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Who Is Responsible for the Ford-Firestone Tire Blowout?Aired September 7, 2000 - 7:30 p.m. ET
THIS IS A RUSH TRANSCRIPT. THIS COPY MAY NOT BE IN ITS FINAL FORM AND MAY BE UPDATED.
BILL PRESS, CO-HOST: Tonight: an apology.
(BEGIN VIDEO CLIP)
MASATOSHI ONO, CEO, BRIDGESTONE/FIRESTONE: I apologize to you and the American peoples.
(END VIDEO CLIP)
PRESS: And finger-pointing.
(BEGIN VIDEO CLIP)
JACQUES NASSER, CEO, FORD MOTOR COMPANY: Ford did not know that there was a defect with the recalled tires until we virtually pried the data from Firestone's hands.
(END VIDEO CLIP)
PRESS: Who is responsible in the Ford-Firestone tire blowout? And is the answer more government regulation?
ANNOUNCER: Live from Washington: CROSSFIRE.
On the left, Bill Press; on the right, Robert Novak. In the CROSSFIRE: Sue Bailey, National Highway Traffic Safety administrator, and Bob Levy, senior fellow at the Cato Institute.
PRESS: Good evening and welcome to CROSSFIRE.
As if Firestone and Ford weren't already in enough trouble, Attorney General Janet Reno today announced she's weighing a possible Justice Department investigation into problems with those faulty Firestone tires, held responsible now for 250 injuries and 88 fatalities. Reno's warning comes the day after CEOs of both companies were marched before a congressional firing squad.
Firestone apologized. Ford blamed Firestone. But members of Congress shot them both down. Senator Arlen Specter even proposed legislation holding them responsible for second-degree murder. The Department of Transportation is also coming under fire for not acting sooner. Members of Congress want to know: What did Ford, Firestone and federal regulators know, when did they know it, and why didn't they do anything about it? So do we -- Bob.
ROBERT NOVAK, CO-HOST: Sue Bailey, the -- Senator Specter is a serious person, former district attorney of Philadelphia -- a veteran senator -- wants to make these people -- wants to consider these people guilty of second-degree murder.
What do you think of that?
SUE BAILEY, NATIONAL HIGHWAY TRAFFIC SAFETY ADMINISTRATION: I think that would be an issue for the Justice Department.
NOVAK: You don't have an opinion on that?
BAILEY: Well, it's very serious, but we are in the middle of an investigation. And there's nothing at this time within our jurisdiction or out statutes that would allow us to pursue a criminal investigation.
NOVAK: All right, let me try something else. The senior Democrat on the Senate Judiciary Committee had this to say. And let's take a look at it.
(BEGIN VIDEO CLIP)
SEN. PATRICK LEAHY (D-VT), JUDICIARY COMMITTEE: Frankly, if people are being killed by these tires, they're being killed by this negligence, then somebody ought to go to jail.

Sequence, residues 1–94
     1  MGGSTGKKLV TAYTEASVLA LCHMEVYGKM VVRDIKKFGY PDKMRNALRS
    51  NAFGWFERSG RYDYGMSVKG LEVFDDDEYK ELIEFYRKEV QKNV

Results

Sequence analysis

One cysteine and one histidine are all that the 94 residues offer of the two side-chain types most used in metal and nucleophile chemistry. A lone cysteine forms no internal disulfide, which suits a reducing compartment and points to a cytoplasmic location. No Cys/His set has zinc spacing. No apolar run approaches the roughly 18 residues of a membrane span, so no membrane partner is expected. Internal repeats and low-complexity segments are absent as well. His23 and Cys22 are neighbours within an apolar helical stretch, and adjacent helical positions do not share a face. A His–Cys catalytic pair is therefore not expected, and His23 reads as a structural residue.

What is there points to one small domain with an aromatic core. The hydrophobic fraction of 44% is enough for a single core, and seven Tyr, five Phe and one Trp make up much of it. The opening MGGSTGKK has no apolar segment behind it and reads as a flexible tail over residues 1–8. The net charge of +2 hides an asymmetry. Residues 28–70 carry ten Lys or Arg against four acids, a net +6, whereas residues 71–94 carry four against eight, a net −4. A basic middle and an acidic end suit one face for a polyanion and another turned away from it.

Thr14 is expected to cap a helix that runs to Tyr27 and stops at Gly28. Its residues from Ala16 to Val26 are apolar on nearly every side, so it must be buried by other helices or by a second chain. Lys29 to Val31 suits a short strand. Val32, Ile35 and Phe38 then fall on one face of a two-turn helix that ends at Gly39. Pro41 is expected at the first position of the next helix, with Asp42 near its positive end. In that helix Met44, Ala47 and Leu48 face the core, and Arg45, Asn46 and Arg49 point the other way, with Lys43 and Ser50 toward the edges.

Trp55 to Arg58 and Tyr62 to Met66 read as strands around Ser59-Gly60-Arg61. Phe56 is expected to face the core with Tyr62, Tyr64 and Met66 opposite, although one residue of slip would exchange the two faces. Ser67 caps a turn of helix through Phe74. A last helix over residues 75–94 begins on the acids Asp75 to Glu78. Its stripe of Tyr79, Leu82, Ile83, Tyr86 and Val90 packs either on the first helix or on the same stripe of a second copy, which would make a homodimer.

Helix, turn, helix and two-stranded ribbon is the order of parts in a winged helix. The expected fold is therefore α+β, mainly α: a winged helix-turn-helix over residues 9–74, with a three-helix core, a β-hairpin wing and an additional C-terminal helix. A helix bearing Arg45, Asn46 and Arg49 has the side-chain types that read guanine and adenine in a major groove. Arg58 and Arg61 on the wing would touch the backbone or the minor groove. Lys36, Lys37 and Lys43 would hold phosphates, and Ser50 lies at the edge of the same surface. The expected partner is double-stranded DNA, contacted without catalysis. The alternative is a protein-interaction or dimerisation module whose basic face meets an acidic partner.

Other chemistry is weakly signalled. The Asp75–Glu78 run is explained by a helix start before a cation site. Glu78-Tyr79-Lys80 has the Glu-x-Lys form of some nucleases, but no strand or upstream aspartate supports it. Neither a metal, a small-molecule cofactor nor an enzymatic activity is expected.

(END VIDEO CLIP)
NOVAK: Agree or disagree? If they're being killed, shouldn't somebody go jail?
BAILEY: Again, I think that's a question for the Justice Department. Clearly, if we find, at the end of our investigation, there is a defect, we will go through a variety of steps. One includes a recall, so that we can prevent future deaths. And in fact if there were a reason to refer it for further legal action, we could do so.
NOVAK: Now , you are being asked to help along the passage of a criminal penalty for this sort of thing. And Ralph Nader, the consumer advocate -- who I think is running for president now...
BAILEY: I think so.
NOVAK: ... had this to say. Let's take a look at that.
(BEGIN VIDEO CLIP)
RALPH NADER, GREEN PARTY PRESIDENTIAL CANDIDATE: Congress has four weeks to act. I will guarantee you that if Congress does not enact a criminal penalty before it leaves office, the tire- and auto- industry lobbyists will stop the Congress next year from acting. It's got to be done now for the safety of millions of motorists. (END VIDEO CLIP)
NOVAK: Do you feel any urgency to have that done now?
BAILEY: Well, again, our investigation is not a criminal investigation. And the penalties we could impose would be civil penalties.
NOVAK: No, that isn't the question. The question is whether you think the law should be changed?
BAILEY: In order to allow us...
NOVAK: To have a criminal penalty, to invoke a criminal penalty. That's up to Congress. Would you be with the consumer advocate, Mr. Nader, in saying Congress should impose a criminal penalty on this?
BAILEY: If there were criminal actions, then clearly that would be something you'd consider.
PRESS: Let me ask you, Mr. Levy, to sort of -- in the same direction -- whether it's baby pajamas or toaster ovens or car tires, would you agree that a company that knowingly markets a defective product should be held responsible?
BOB LEVY, CATO INSTITUTE: I would say first of all that Congressman -- that Specter out to be the first to understand that you can't pass laws ex post facto. Criminal statutes have to be crimes at the time that the infraction is committed. To suggest now that there's going to be legislation that retroactively is going to criminalize certain acts, I think is preposterous and unconstitutional.
But more over, in order to press criminal charges, you have to show what the lawyers call scienter: that is, there has to be knowledge that you're doing something wrong. You also have to show intent. Now, doesn't mean that the executives desire to kill people. But it does mean that they were so egregiously reckless, that their activities rose to the level of intentional conduct.
There was a substantial certainty of outcome. You have to prove that beyond reasonable doubt. And in a criminal case, you get all the protections the 4th, 5th, 6th, and 8th Amendments of the Constitution. That's quite a burden -- different from a civil case.